The late Karl Lagerfeld, one of the most prolific designers of the 20th and 21st centuries, might well be appalled with our 2020 sartorial choices were he still alive.
The creative director of Chanel since 1983, who was described by Anna Wintour, editor of American Vogue, as representing “the soul of fashion” when presenting him with the Outstanding Achievement Award at the British Fashion awards in 2015, once commented that “sweatpants are a sign of defeat”.
Even in his 80s, when most of his peers were retiring to their yachts or country estates, the prolific designer was creating an average of 14 new collections a year; following his death in 2019 the value of, and interest in, Chanel pieces on the secondary market skyrocketed.
Now fans of Lagerfeld have an opportunity to own a piece of his legacy when Christie’s in New York auctions more than 100 Chanel jewels, which were created during his tenure at the French fashion house, in its online auction that takes place from January 14th to 29th.
The collection is part of the treasure trove of New York socialite Susan Gutfreund, who lived with her late husband, John at their sumptuous Fifth Avenue apartment, which sold last year for $53 million (€43 million).
John Gutfreund was the chief executive of Salomon Brothers, and was known in trading circles as the undisputed “King of Wall Street” in the 1980s – until his fall from grace in 1991 in a scandal involving illegal bidding.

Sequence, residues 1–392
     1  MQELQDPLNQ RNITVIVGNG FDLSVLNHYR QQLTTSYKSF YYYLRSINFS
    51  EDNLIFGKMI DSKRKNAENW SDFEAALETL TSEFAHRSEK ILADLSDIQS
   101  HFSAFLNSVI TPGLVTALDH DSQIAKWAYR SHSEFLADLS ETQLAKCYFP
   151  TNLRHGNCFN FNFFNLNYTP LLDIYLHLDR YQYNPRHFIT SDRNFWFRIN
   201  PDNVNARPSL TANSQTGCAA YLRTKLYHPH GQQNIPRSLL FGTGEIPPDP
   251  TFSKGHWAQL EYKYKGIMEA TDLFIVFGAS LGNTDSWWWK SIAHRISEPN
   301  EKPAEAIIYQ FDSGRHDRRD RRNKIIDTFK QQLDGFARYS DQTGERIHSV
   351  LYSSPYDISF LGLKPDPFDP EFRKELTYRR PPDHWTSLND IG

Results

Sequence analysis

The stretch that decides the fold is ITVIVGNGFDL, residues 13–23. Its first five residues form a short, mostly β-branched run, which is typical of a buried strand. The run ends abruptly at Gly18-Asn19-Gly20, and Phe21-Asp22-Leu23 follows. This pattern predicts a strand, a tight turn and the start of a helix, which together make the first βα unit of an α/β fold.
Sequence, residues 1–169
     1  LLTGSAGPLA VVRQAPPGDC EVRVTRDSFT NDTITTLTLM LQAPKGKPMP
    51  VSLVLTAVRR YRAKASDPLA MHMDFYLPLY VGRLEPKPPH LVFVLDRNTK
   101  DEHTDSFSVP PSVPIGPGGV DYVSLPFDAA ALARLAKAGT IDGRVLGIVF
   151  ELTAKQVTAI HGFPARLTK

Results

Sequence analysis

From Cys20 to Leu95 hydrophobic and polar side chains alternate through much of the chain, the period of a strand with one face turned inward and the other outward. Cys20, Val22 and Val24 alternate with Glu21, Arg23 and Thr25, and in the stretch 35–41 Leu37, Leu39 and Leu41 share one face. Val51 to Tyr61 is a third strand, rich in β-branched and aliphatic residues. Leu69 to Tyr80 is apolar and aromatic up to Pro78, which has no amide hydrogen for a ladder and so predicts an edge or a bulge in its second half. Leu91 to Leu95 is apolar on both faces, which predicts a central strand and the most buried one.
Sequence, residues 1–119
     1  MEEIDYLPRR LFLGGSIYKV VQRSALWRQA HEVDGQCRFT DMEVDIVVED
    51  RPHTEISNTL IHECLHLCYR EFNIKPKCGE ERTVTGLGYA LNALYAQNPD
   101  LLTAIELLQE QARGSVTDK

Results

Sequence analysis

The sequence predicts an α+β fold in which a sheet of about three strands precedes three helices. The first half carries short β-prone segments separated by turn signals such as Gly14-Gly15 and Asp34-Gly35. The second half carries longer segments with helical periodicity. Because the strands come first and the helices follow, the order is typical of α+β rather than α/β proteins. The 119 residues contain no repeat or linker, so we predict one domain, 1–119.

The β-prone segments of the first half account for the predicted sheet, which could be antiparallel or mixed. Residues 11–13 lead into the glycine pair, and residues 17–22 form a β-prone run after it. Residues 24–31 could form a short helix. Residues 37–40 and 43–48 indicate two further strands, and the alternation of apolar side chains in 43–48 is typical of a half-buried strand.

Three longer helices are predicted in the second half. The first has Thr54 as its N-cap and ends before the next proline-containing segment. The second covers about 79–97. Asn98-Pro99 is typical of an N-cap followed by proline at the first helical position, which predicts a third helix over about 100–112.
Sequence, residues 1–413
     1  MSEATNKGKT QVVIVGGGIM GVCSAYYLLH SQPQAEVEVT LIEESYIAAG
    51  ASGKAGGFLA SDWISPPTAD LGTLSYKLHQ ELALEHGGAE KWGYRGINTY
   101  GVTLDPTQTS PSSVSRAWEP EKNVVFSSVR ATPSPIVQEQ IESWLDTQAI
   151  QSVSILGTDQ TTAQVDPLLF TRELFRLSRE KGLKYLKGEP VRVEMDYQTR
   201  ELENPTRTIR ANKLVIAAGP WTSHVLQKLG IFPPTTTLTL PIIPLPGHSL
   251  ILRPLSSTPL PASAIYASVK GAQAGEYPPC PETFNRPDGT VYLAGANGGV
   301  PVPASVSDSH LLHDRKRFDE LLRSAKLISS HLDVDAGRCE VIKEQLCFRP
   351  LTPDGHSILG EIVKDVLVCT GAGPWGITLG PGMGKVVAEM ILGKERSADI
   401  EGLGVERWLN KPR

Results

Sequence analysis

What makes this sale of interest to collectors is the fact that these pieces of costume jewellery were created by Lagerfeld for Chanel runway shows during the 1980s and 1990s, the era acknowledged as the designer’s most important period with the French fashion house.
Many of the pieces are one of a kind and, according to Christie’s, were gifted to Susan Gutfreund, who was a close friend of Lagerfeld. They have never been offered for sale. Estimates range from $200-$6,000 (€162-€4,885) but could well sell beyond their upper estimates due to their rarity and provenance.
Known for his over-the-top and sometimes outrageous runway shows, Lagerfeld imported a 265-tonne iceberg from Sweden for one collection, and built an airplane hangar, a brasserie and a supermarket (stocked with Chanel dishwasher powder and Chanel pasta) for others, all within the confines of the Grand Palais, his preferred Parisian venue.
He lived alone with his cat Choupette, who had her own maids and diamond necklaces, and his penchant for publicity may well be echoed in his comments: “Chanel is an institution, and you have to treat an institution like a whore – and then you get something out of her.” Indeed, he transformed the brand, which was fading into irrelevance, into what is now estimated to have revenues in excess of $4 billion a year.
The contents of Gutfreund's Fifth Avenue apartment – designed by French decorator Henri Samuel – are also up for sale. Highlights include a Flora Danica Royal Copenhagen porcelain dinner service which carries a $150,000-$200,000 estimate, and a pair of silver George III candlesticks and candelabra from 1775, listed at $100,000-$150,000.
The doormat at the entrance to Gutfreund’s recently sold 12,000sq ft New York apartment bears the inscription, “The Neighbors Have Better Stuff”. While that may well be the case, the sale of Gutfreund’s “stuff” is still expected to secure in excess of $7 million.